I would be remiss if I didn’t mention the fascinating elephant observations that take up a major part of the novel. Both of Jenna’s parents were elephant researchers before the enclosure accident and much of Alice’s narration focuses on her studies, especially her findings on elephants and grief. Alice is fixated on the relationship between an elephant and her calf, and what happens if either of them are left behind. This ties in well with Jenna’s journey to find her mom and made me wonder whether we’re not so different from other creatures after all.

I’m glad that the characters, mystery, and elephant facts were such an interesting read because I did, unfortunately, find the ending to be a little anticlimactic. Though I wasn’t able to predict how the book would end, I couldn’t help but wonder if a more perceptive reader might have. That being said, a good book is as much about the journey as the destination, so I would still confidently recommend Leaving Time for anyone who wants a fast-paced and captivating read.

Verdict: A strong, engrossing read despite a somewhat anticlimactic ending. It features some very strong relationships that are wonderful to read about and a plot that will keep you turning the pages until you’re finished. Plus, there are elephant facts and jokes!

Read if: You love reading and learning about elephants, are a sucker for books that focus on mother-daughter relationships (like me), want to read a book that will keep you up reading past your bedtime. 😉

Have you read anything by Jodi Picoult? Will you be picking up Leaving Time?

10 Reasons Why I’m Thankful For Blogging and the Bookish Community

Karen One More Page Blog

When I started One More Page less than 8 months ago, I had no idea what I was getting myself into. I mean, I knew it would entail a lot of reading and reviewing, but I had absolutely no clue how much it would, not to be too hyperbolic, change my life. I know it sounds crazy, but when I take an introspective moment and think about where I was last year compared to this year, I realize that book blogging has made a huge positive difference. Last year was difficult for a few reasons: I had just moved from Vancouver to Toronto and thus hardly knew anyone in this big city, I had just moved in with my boyfriend and that needed getting used to, and, to be honest, I had no idea how to work towards my passions even though I felt a strong urge to do something. So, as I gear up to celebrate Canadian thanksgiving this year, I thought I’d list 10 reasons why I’m thankful for blogging and the bookish community.

1. The amazing books I hear about on a daily basis.

I’m sure all book lovers will agree with me that our to-be-read piles can get pretty out of control. Well, let me tell you, book blogging and being more active in the online bookish community has definitely exposed me to A LOT of amazing books daily. I have to carefully pick and choose which ones to add to my to-read list or else it would be even crazier than it is now, but I’m thankful for the fact that I am constantly finding new books to love.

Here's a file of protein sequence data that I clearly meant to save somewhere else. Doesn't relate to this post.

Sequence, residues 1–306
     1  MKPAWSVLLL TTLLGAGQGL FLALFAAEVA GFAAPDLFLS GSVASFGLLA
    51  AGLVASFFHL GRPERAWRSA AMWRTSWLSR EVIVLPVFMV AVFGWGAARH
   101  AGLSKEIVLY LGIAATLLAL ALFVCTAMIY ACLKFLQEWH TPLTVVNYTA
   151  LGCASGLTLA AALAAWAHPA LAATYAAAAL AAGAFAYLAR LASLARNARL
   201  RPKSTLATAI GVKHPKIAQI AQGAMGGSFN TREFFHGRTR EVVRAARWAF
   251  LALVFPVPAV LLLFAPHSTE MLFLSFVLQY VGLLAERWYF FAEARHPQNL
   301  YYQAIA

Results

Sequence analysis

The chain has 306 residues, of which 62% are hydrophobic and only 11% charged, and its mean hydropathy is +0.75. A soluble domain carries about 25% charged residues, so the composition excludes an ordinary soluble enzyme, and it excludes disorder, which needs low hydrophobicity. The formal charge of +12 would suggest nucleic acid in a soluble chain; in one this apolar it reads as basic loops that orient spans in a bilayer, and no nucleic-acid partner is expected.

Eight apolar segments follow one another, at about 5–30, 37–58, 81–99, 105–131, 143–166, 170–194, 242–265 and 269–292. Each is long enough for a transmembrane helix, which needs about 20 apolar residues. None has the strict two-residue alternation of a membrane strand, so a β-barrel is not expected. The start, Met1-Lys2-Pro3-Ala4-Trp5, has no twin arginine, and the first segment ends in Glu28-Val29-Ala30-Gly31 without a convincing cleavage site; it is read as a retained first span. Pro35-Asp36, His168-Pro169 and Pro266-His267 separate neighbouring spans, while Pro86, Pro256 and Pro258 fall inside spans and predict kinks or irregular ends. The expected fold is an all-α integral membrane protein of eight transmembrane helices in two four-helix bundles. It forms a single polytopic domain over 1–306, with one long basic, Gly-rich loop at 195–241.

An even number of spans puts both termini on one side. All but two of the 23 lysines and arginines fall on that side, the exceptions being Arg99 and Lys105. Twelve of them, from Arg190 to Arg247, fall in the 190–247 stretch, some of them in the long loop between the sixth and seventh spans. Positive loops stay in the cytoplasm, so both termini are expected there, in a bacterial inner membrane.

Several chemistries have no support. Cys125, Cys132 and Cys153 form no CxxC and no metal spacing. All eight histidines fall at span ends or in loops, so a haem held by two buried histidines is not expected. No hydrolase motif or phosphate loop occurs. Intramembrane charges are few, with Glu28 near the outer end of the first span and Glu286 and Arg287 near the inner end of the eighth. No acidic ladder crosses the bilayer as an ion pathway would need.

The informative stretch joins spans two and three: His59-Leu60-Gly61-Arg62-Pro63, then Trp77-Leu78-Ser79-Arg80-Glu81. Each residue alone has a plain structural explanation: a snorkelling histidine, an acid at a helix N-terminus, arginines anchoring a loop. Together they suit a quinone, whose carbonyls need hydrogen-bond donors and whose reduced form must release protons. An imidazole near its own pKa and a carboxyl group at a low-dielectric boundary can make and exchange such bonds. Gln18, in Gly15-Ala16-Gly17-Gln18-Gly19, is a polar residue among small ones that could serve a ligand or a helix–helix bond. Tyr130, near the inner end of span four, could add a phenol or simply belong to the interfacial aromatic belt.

2. It has broadened my reading horizons.

The great thing about learning about so many new books every day is that some of them are books I never would have heard of otherwise. Better yet – some of these books are ones that I would never think to pick up had I not heard about them from trusted friends. Being in this community has given me a sense of adventure when it comes to reading again, and for that I’m thankful.

3. The community.

Who would I turn to when I need book recommendations if not for this wonderful, welcoming community? Whether I’m having a bad day and need someone to vent to or have just read an AMAZING book that I NEED to talk to someone about, you guys have always been there to listen. I’m so, so thankful for you!!

4. It has taught me not to be ashamed of what I like to read (aka taking the “guilty” out of “guilty pleasure”!)

When I was still in university and an English major, I would sometimes feel guilty admitting that I was REALLY excited for the new Shopaholic book or the new Meg Cabot novel. However, since joining the blogging/bookish community, I have finally found friends who understand what a hunk Michael Moscovitz is (Hi, Adriana!) and this has really made me come out of the “guilty” shell. So what if I occasionally love reading “chick lit” or young adult novels? That doesn’t make me better or worse than any other reader. Thank you, all, for finally setting me straight.

5. The wonderful friends I have met in real life.

As I mentioned before, I hardly knew anyone in the city besides my family members, boyfriend, and work friends after moving here last year. I’m so thankful for the bustling Toronto literary scene and for the wonderful bookish people that organize and go to those events! Thanks to these events, I’ve been able to meet some amazing people in real life and even though we don’t hang out all the time, it makes me so happy to see a familiar face from time to time. I want to make a special shout-out to Leah from Books Speak Volumes: I’m so thankful that you drove all the way to Toronto just to hang out!! Also thanks to CJ from ebookclassics for co-hosting the book blogger brunch with me! I can’t wait to do it all again. 🙂

One More Page kmn04books Summer Book Picks

 6. The authors.